• May 7, 2010
According to Consumer Reports, it's officially safe to wade back into Lexus GX waters. The luxury SUV has been removed from the infamous "Do Not Buy" list after Toyota solved the handling issues that landed the high-riding people mover in time-out. The Japanese automaker has corrected a software issue that allowed the vehicle to lose control during emergency braking maneuvers. All new models will be sold with the fix, and current owners have been asked to bring in their vehicles so that the repair can be made free of charge.

About a month ago, Consumer Reports found that during testing, the stability control on the new GX failed to reign in wild slides, thereby creating a potential recipe for a roll-over. The magazine's testing resulted in an internal investigation at Toyota that eventually produced the software fix. To date, no one has been injured due to the glitch.

While the Lexus GX is officially back in the game, it may take some time before buyers stop associating the truck with the Consumer Reports black list.

[Source: Automotive News]
Show full PR text
LEXUS GX 460 PASSES RETEST
CONSUMER REPORTS' "DON'T BUY" LABEL LIFTED


Consumer Reports is lifting the Don't Buy: Safety Risk designation from the 2010 Lexus GX 460 SUV after recall work corrected the problem it displayed in one of their emergency handling tests.

CR's engineers originally experienced the problem in a test that they use to evaluate what's called lift-off oversteer. In this test, as the vehicle is driven through a turn, the driver quickly lifts his foot off the accelerator pedal to see how the vehicle reacts. When testers did this with their GX 460, its rear end slid out until the vehicle was almost sideways. Although the GX 460 has electronic stability control, which is designed to prevent a vehicle from sliding, the system wasn't intervening quickly enough to stop the slide. CR considers this a safety risk because in a real-world situation this could cause a rear tire to strike a curb or slide off of the pavement, possibly causing the vehicle to roll over. Tall vehicles with a high center of gravity, such as the GX 460, heighten CR's concern. CR is not aware, however, of any reports of injury related to this problem.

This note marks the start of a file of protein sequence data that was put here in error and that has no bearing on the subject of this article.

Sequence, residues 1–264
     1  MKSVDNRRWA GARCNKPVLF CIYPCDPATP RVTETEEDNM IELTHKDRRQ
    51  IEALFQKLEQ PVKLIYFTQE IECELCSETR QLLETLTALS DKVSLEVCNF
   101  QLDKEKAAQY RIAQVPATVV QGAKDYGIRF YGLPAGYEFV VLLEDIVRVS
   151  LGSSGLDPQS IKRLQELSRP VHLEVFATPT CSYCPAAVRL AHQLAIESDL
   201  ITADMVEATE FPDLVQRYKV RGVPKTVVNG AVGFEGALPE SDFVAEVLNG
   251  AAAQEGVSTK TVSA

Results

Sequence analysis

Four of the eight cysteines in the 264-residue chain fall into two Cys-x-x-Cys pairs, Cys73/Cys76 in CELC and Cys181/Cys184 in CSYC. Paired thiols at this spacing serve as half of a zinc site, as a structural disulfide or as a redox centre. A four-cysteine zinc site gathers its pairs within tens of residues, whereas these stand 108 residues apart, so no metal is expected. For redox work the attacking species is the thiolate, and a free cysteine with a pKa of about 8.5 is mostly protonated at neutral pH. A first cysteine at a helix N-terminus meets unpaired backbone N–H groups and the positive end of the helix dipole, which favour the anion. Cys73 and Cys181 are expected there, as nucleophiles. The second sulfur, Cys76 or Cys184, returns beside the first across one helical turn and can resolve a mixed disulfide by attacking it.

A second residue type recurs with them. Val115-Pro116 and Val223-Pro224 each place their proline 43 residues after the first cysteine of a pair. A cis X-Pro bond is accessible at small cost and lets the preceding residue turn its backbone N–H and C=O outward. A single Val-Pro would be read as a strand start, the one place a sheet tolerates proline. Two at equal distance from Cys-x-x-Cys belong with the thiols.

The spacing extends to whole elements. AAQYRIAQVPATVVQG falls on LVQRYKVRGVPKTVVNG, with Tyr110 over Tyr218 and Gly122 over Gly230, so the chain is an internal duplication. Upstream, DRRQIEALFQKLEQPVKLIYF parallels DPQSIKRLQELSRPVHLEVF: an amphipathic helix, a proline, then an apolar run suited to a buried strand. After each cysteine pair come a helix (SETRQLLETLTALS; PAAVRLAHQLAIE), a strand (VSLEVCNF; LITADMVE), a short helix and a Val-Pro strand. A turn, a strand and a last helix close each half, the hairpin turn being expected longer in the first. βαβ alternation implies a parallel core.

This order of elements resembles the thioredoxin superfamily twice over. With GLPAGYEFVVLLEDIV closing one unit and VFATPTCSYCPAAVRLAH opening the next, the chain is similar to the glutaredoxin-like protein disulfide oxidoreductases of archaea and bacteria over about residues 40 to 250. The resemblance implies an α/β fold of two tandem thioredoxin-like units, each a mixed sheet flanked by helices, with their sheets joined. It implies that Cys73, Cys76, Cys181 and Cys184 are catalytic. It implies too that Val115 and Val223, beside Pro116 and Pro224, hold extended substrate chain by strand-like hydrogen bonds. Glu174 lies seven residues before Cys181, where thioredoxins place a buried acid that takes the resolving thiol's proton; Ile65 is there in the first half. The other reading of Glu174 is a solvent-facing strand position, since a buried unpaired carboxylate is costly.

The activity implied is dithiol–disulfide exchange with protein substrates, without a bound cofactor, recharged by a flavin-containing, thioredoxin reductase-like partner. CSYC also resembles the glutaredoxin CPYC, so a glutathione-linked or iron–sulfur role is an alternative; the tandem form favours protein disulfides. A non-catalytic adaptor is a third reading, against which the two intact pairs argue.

Lexus recently duplicated the problem on its own test track and developed a software upgrade for the vehicle's ESC system that would prevent the problem from happening. Dealers received the software fix last week and began notifying GX 460 owners to bring their vehicles in for repair.

CR contacted the Lexus dealership from which they had anonymously bought the vehicle and made an appointment to have the recall work performed. The work took about an hour and a half.